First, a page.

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CHAPTER X. NORTHUMBERLAND AND DURHAM COAL AND ENGINEERING
The North-east Coast, where coal and iron mines have called into being vast iron and steel works and shipyards, with a host of co-related industries, is the centre of manufacturing activity which, in normal circumstances, yields in importance and variety to no other district in the world. It would be impossible, within reasonable limits, to enumerate all the firms engaged in coal-mining or manufacturing operations in Durham and Northumberland, or to describe in any detail the nature and extent of their productions. Many of the larger firms are known as well throughout the British Dominions and other parts of the world as at home.
The coalfield is estimated to contain 8,951,940,320 tons of workable coal from a variety of seams which produce annually about 43,000,000 tons. From this output 4,072 coke ovens, including some in the North Riding of Yorkshire, made, in 1924, 4,777,736 tons of coke, with a consumption of 6,853,270 tons of coal. Many of the Northumberland collieries are on the edge of the North Sea, and those in Durham are, if not on the coast, within a short distance of the sea or of the Tyne, Wear and Tees, all of which are navigable rivers. The Newbiggin, Seaton Delaval and Cowpen Coal Companies are working a mile out under the sea, and may go to a limit of 3 miles. In Durham the Whitburn Colliery is nearly, and the Ryhope Dawdon and Monkwearmouth Collieries are quite, 2 miles out. Easington is out 3 miles. The distance is limited by the possibility of ventilation. The miners ride out to the face. As regards export trade, the pits have only light railway charges, and sometimes none, to add to their costs, and are therefore, like the collieries of South Wales, much more favourably situated than the Yorkshire and Derbyshire pits. In normal times they command a large foreign trade, in which gas coal plays a leading part. For centuries coal has been raised from what used to be called the Newcastle district. Some of it found its way to London, in spite of edicts against the smoke-producing "sea cole" as it was called in the sixteenth century.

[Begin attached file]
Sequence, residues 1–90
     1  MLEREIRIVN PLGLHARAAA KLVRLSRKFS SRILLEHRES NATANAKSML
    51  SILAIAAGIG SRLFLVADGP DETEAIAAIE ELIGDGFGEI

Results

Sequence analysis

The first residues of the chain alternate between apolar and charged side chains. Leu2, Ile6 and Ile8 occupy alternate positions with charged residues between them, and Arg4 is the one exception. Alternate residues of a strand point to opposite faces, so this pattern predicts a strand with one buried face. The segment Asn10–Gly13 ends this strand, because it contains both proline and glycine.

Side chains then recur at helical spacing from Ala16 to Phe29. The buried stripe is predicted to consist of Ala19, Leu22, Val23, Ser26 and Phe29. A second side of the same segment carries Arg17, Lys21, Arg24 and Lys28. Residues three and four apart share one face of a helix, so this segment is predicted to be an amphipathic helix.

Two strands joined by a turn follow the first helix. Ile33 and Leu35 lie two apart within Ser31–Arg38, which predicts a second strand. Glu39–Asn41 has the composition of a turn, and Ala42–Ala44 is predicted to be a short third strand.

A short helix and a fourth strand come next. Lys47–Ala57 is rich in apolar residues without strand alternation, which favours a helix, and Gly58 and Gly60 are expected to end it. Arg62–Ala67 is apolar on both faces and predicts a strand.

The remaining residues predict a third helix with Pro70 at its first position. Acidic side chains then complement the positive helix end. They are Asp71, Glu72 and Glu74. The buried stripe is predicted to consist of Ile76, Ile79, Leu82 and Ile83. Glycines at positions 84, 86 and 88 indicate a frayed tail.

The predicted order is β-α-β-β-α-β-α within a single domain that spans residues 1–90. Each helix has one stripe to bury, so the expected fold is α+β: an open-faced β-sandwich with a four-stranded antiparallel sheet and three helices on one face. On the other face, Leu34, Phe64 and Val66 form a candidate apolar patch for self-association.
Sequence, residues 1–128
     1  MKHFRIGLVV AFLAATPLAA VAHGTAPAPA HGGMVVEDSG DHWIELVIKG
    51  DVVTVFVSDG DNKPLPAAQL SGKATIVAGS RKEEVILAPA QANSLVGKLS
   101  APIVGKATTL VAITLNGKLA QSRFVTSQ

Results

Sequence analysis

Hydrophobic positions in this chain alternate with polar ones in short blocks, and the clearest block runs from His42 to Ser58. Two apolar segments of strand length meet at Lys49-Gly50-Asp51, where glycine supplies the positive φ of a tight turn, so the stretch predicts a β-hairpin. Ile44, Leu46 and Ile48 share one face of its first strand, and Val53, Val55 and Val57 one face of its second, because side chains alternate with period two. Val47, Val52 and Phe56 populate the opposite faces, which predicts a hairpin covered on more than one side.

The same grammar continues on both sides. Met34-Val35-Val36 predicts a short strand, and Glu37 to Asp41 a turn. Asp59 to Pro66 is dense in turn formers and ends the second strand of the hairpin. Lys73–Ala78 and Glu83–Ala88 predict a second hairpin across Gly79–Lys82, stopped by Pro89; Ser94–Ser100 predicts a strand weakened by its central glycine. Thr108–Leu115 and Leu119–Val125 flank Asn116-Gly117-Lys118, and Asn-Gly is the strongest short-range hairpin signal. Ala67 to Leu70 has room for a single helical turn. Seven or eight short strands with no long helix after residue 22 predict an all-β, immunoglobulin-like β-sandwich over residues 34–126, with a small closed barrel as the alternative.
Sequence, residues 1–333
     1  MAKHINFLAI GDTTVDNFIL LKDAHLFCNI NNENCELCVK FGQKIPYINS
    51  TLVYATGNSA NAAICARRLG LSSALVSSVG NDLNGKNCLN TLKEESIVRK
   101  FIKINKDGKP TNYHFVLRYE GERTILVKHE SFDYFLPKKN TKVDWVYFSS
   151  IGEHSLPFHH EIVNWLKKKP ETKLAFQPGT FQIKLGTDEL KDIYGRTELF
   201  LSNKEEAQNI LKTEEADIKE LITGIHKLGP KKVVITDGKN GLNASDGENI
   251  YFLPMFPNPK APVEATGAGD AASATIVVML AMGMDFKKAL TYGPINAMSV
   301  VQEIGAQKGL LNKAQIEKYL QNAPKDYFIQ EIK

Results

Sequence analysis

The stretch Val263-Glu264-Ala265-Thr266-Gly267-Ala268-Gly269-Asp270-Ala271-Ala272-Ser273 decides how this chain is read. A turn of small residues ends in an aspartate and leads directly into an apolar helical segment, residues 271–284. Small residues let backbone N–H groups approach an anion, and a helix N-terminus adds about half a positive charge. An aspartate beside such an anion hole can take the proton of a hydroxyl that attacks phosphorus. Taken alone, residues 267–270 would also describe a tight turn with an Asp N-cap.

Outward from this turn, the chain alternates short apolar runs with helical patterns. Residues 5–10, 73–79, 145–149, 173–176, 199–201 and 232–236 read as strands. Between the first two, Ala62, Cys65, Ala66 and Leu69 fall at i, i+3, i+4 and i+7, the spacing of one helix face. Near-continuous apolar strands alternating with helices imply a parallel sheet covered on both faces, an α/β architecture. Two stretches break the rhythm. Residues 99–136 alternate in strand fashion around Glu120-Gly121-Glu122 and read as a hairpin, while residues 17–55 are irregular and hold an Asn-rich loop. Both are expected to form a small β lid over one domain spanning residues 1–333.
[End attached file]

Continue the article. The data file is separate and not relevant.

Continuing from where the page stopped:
The Northumberland collieries work the same seams of coal as those in Durham, but the coalfield is less extensive. They produce about 12,000,000 tons annually of gas, steam, house and coking coals. Among the leading firms are:
The Ashington Coal Co owns four large collieries at Ashington, Linton, Woodhorn and Ellington. A fifth is to be opened at Lynemouth. The present output of this firm is 12,000 tons a day. This coal was originally worked in 1848. In 1867 the first of the present shafts was sunk, and about 1870, Jonathan Priestman (of an old Quaker family related by marriage to the Rt. Hon. John Bright), one of the founders of the present business, became connected with Ashington. William Milburn, the ship owner, afterwards joined the concern. Pits were sunk at various dates after 1873, and by 1900 the output was 5,000 tons daily. In 1909 the Ellington shaft was begun, and the output in 1925 reached 11,000 tons per day. This Company is remarkable as being one of the two firms which are pioneers in the use of pulverised fuel for steam production. The other is the Cadeby Colliery Co in Yorkshire. The private limited company which to-day owns the collieries consists of descendants of Jonathan Priestman and William Milburn, and of the Lees family, who from the first were associated with the undertaking. Francis Priestman, son of Jonathan Priestman, is the present Chairman of the Company.